Do you remember the old knock, knock joke about a banana?
And that setup repeats at least 5-6 times before you get to the punch line.
Orange you glad I didn’t say banana again?
Even as a kid, I knew the punch line wasn’t funny. The funny part of that joke is the obnoxiously long set up that seems to go on and on and on until you are almost ready to fill your ears full of cheese whiz just to make the noise stop.
But since I trust by now you all don’t show up to church to hear me preach without something to stuff in your ears and tune me out already, then allow me to tell you another joke with the same obnoxiously long setup. And this, friends, is the abridged version of the setup. Read More...
I’ve never been a part of a faith tradition that regularly practiced altar calls, and I’m kind of thankful for that as a preacher. I think it would be an awfully big temptation to judge every sermon I preached based on how many people responded on any particular Sunday. Were 3 people or 30 people moved enough by that sermon to get up out of the pews and walk forward?
Which is why I really want to know what on earth it is that Jonah preached to the king of Ninevah that was so earth-shattering, so transformational, that the king called for the entire nation to walk around the streets in sackcloth and ashes. What was in his sermon that prompted the entire town to respond to the altar call. `Most preachers I know, we feel lucky when less than 50% of the congregation falls asleep during the message. Read More...
Some families have really sweet Christmas traditions of doing kind, loving things for one another. Sarah, for example, makes these really pretty Christmas Tree ornaments for Wallace, a new one each year of his life, so that the tree becomes a little like a scrapbook as he grows up. My family growing up, on the other hand, had a little different tradition. Specifically my dad and his sister, Bonnie, when it came to Christmas gifts.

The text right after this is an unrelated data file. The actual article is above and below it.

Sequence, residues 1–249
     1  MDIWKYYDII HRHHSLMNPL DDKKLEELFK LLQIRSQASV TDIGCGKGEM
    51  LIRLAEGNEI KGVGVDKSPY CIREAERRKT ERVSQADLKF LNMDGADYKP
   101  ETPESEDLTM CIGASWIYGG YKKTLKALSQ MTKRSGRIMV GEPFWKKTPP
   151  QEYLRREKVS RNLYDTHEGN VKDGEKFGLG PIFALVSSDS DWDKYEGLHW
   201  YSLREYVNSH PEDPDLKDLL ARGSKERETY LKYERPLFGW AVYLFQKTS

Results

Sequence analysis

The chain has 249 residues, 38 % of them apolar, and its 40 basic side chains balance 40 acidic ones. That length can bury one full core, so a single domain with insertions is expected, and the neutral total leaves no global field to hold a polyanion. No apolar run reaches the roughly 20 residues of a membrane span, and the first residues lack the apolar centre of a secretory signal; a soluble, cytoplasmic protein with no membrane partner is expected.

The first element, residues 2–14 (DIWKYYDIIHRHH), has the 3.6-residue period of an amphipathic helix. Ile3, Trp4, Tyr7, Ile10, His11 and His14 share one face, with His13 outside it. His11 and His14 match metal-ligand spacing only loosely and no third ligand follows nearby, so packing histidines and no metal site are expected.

To fully appreciate this, you should know that both Dad and Aunt Bonnie are the type of people who go to great lengths not to offend anyone, and who would bend over backwards to be kind to everyone they encounter.
But when it came to exchanging Christmas gifts, they threw all that aside for one week a year. The gift exchange went on a two year cycle. When I took notice, it had already been going on for some time. Aunt Bonnie sent dad a 2500 piece jigsaw puzzle of the woods. Everything was trees, trees and leaves, so consequently every piece looked pretty much the same. That same year dad sent Aunt Bonnie a fruitcake.
The following year, Dad was not one to be outdone. He scouted all over town until he found puzzle with something like 3000 pieces. And the entire puzzle was a gigantic red circle. No corner pieces. All the edge pieces were curved. And there wasn’t even any gradient to the red. It was all the same shade. One enormous 3000 piece red circle. My guess is that puzzle is still sitting unopened in a box somewhere. That year Aunt Bonnie sent Dad a fruitcake. But not just any fruitcake. That year Aunt Bonnie sent Dad the same fruitcake. The same year old (at least) dried out, 8 pound fruitcake. I’m not sure which one of them won Christmas that year. Read More...
Christian tradition calls today ‘Good Friday. ’ But even long before I became a preacher, went to seminary, got a few degrees in religion and theology and all that, even before all of that, as much as now, I have never been able to make much sense of what is considered ‘good’ about today.
I know that with the lenses of Christian history, we now look back and see the good that came out of the crucifixion. We see the other side of the picture, the empty tomb of Easter morning, the forgiveness and reconciliation with God and one another shown to us through Jesus.
But according to all the gospel accounts, we pretty much see nothing but the worst of humanity on ‘Good’ Friday. We see brutality and violence inflicted upon another human being. We see Jesus, who spent his life teaching love of enemy and forgiveness for wrongs, we see him scourged and mocked. Read More...
“Thou preparest a table before me in the presence of mine enemies.” Jesus’ whole life has been spent sitting down at the table with those considered enemies. He has eaten and drunk with prostitutes, with sinners, with tax collectors, with Pharisees, and later this week, he will sit down at a table with Judas, later kneeling to wash Judas’ feet. Some of those enemies were simply outsiders to the community, people who for one reason or another didn’t adhere to the community standards of Jesus’ day. But others were indeed enemies who at some point meant to harm Jesus, who would turn against him, deny him, or sell him out for a bag of silver. Read More...